Sales and marketing directors consistently lament that they need increased lead generation but what they need is to learn to better work the leads they Quality, Time Spent, Listen, Prospects, Bild & Co Sales Consultinghave. It’s not quantity but quality and right now, we are failing at creating a positive buyer experience. If instead of rushing through calls, attempting to pre-qualify and verbal vomiting pricing, floor plans, and COVID-19 procedures all over interested buyers, sales and marketing directors asked lots of great open-ended questions, actively listened, drilled down to better understand the details, and responded in a personalized way, we would see drastically improved move in numbers, occupancy and revenue.


Prospective buyers want to be heard but salespeople are not listening. If we are too busy talking and taking mental side trips when people are confiding in us; we will continue to struggle and fail to help the very people we are so passionate about.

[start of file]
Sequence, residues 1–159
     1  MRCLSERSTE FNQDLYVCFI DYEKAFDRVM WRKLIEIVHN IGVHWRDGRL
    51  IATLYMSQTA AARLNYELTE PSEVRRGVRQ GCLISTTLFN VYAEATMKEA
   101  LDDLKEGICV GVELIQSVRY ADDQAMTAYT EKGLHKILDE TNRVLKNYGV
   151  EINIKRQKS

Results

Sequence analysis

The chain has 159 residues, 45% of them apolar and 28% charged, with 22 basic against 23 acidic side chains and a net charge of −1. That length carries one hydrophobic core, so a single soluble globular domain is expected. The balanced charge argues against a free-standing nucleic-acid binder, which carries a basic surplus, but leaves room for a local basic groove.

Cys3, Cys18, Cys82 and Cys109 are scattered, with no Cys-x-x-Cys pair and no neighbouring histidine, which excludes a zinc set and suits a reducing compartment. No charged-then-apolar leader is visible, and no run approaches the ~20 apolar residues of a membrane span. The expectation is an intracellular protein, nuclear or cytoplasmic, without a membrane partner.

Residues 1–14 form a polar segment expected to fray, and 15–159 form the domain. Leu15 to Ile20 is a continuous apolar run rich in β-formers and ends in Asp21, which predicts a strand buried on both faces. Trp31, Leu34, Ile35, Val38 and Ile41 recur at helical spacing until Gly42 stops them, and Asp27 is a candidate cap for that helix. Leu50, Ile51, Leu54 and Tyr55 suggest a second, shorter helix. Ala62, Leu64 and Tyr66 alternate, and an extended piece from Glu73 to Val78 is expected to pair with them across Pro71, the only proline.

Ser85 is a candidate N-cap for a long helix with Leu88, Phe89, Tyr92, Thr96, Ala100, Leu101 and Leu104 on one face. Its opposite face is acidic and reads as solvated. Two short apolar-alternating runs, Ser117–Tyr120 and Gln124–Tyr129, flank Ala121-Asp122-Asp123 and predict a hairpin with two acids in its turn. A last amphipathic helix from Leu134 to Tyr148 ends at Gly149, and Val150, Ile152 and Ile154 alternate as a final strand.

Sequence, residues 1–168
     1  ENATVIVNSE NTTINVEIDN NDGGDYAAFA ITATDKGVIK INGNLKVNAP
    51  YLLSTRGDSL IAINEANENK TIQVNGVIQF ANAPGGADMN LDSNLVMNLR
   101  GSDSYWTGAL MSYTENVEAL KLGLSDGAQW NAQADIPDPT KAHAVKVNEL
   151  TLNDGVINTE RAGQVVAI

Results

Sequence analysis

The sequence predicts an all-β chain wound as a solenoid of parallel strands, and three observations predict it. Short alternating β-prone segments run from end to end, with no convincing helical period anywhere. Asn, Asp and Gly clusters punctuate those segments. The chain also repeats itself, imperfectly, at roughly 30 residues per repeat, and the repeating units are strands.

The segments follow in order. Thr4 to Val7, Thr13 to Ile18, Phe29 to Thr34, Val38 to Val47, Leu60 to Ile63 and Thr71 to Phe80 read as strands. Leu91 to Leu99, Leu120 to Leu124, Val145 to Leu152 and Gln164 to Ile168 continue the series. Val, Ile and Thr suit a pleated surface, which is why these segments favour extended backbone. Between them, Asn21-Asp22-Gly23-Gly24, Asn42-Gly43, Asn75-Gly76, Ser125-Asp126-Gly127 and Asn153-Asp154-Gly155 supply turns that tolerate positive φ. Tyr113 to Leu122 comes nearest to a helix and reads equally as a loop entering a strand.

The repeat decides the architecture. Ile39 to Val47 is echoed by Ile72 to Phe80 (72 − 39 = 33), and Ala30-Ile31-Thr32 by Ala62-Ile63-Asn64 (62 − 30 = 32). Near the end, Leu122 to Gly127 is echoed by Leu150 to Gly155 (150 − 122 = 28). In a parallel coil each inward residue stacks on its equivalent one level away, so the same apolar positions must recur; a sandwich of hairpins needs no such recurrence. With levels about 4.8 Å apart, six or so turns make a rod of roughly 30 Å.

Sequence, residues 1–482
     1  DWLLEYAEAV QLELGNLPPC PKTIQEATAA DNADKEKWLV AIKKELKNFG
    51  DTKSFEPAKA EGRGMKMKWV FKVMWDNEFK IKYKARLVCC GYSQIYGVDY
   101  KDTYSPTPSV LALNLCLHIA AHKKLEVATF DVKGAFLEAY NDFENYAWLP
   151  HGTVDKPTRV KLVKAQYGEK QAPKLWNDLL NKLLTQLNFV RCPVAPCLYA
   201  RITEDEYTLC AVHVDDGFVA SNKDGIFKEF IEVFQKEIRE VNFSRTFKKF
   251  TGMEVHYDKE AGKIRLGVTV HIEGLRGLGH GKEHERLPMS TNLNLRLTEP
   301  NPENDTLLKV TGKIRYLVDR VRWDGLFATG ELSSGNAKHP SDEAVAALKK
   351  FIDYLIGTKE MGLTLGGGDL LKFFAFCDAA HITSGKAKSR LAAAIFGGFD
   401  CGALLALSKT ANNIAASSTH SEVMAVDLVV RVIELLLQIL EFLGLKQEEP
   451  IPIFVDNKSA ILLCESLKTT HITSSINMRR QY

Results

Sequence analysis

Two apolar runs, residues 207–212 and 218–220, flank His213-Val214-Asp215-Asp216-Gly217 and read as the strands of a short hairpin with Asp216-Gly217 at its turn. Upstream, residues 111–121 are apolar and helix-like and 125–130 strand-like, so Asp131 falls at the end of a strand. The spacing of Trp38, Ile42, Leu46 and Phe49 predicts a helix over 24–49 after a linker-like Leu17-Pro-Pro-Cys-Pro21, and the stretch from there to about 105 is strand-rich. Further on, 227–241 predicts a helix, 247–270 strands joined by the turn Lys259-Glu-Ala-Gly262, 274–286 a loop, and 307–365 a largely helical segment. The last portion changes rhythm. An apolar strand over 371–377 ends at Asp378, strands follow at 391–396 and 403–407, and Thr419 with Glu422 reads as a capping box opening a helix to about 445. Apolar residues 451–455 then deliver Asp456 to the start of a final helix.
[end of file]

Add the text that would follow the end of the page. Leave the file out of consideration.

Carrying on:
While not easy, improved listening is a skill that can be learned. Just six years are devoted to formal reading instruction in our school systems. Little emphasis is placed on speaking, and almost no attention has been given to the skill of listening, strange as this may be given that so much lecturing is done in college. It’s time to pivot and equip yourself and those responsible for the sales and marketing or service delivery of your seniors housing community the ability to close their listening gaps. Please, share this blog with your colleagues and encourage them to go on this journey with you, everyone has something to learn and will be better for it.




Email Revenue@BildandCo.com , text 813.390.3349, or call 1.800.640.0688 to speak with Jennifer Saxman and I about your goals and how our team can customize training to meet the needs of your organization today. You can also schedule a time on our calendar here.

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occupancy now at (800) 640-0688